Schlesinger quotes Mahatma Gandhi, “We must cease to be exclusive Hindus or Muslims or Sikhs, Parsis, Christians or Jews. Whilst we may staunchly adhere to our respective faiths, we must be Indians first and Indians last.”
And Schlesinger also quotes Chinua Achebe, the Nigerian novelist, “This is the Nigerians’ greatest weakness–their inability to face grave threats as one people instead of as competing religious and ethnic interests.”
Schlesinger argues that public education should aim to strengthen bonds of national cohesion, not to weaken them, and worries that if separatist tendencies go unchecked, the result can only be the fragmentation, resegregation and tribalization of American life. This is not to discount the importance of protecting, strengthening and celebrating ethnic origins and identities.  But it is important to be aware that separatism “nourishes prejudices, magnifies differences and stirs antagonisms.”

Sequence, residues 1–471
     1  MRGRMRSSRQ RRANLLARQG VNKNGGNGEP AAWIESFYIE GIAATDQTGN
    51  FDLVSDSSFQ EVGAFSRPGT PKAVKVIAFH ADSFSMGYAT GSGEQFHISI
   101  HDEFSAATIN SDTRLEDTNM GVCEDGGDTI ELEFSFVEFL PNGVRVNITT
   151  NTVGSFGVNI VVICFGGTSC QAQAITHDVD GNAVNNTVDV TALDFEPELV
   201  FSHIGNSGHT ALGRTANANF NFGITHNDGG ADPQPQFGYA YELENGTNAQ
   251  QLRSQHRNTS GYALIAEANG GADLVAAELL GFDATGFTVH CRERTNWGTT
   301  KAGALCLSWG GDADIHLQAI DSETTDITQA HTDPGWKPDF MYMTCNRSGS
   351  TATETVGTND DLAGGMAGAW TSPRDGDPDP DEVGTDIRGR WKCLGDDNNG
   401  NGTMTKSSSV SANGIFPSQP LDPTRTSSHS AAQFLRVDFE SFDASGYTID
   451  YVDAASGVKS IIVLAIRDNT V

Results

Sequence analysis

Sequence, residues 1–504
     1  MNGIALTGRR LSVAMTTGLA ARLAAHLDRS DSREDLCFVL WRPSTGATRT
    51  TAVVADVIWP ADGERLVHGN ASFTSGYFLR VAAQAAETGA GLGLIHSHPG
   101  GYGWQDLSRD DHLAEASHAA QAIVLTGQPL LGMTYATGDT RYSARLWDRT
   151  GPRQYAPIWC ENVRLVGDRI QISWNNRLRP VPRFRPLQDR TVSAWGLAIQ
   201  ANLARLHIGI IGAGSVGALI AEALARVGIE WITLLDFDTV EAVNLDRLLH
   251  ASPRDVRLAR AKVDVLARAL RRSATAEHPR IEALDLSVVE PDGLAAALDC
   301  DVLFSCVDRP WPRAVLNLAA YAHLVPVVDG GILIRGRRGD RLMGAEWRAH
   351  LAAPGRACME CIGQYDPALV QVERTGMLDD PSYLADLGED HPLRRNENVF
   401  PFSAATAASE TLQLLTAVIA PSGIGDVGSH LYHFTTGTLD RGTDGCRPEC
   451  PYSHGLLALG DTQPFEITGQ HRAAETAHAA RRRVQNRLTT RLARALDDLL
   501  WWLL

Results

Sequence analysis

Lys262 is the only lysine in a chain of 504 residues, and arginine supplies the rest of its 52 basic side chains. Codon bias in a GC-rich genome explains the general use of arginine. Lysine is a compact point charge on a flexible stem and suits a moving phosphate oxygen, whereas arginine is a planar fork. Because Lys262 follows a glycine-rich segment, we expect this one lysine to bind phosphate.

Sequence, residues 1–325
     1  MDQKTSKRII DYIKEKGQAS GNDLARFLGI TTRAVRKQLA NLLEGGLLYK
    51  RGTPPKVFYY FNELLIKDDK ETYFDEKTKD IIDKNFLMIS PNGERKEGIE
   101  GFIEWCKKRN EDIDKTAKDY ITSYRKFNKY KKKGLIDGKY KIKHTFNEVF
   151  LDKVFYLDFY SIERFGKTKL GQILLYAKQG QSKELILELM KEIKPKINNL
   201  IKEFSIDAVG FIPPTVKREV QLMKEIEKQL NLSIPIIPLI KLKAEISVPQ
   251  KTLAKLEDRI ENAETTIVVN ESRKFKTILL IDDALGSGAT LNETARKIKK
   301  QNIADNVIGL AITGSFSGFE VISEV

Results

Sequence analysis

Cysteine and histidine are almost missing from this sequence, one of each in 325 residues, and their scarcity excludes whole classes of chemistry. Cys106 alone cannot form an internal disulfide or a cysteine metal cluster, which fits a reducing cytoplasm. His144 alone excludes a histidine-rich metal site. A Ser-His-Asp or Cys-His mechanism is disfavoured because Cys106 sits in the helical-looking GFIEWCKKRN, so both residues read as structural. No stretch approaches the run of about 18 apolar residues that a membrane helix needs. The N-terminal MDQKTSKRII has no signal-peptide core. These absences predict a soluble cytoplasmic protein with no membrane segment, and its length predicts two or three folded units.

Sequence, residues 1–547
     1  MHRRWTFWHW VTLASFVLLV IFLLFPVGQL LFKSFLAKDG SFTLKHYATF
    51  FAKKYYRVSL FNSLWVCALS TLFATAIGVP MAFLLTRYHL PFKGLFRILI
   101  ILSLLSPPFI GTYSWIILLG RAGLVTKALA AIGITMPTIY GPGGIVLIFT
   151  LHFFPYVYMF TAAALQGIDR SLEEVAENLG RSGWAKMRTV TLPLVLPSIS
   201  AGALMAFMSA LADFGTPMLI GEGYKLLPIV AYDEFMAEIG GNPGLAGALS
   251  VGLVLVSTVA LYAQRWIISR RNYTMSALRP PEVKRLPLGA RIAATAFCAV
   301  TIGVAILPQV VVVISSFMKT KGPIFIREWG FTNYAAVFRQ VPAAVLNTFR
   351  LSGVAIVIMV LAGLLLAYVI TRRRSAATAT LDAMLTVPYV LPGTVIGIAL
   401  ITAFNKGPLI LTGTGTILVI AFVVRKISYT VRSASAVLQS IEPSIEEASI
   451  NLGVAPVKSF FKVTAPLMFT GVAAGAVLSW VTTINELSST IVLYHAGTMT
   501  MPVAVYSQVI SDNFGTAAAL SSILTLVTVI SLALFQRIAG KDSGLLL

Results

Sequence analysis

Schlesinger states “In a world savagely rent by ethnic and racial antagonisms, it is all the more essential that the United States continue as an example of how a highly differentiated society holds itself together.” Schlesinger lamented the political left having recently embraced an illiberal multiculturalism, in (over)reaction to the often bigoted monoculturalism of the political right. ”The [political] left [of which Schlesinger was a member, often regarded as the leading liberal historian of his era] has no monopoly on political correctness…The right has its own version of political correctness; and, if political correctness becomes the rule, the right can turn out far larger crowds for monoculturalism than the left can for multiculturalism.”
The age of Trump has demonstrated this with a vengeance...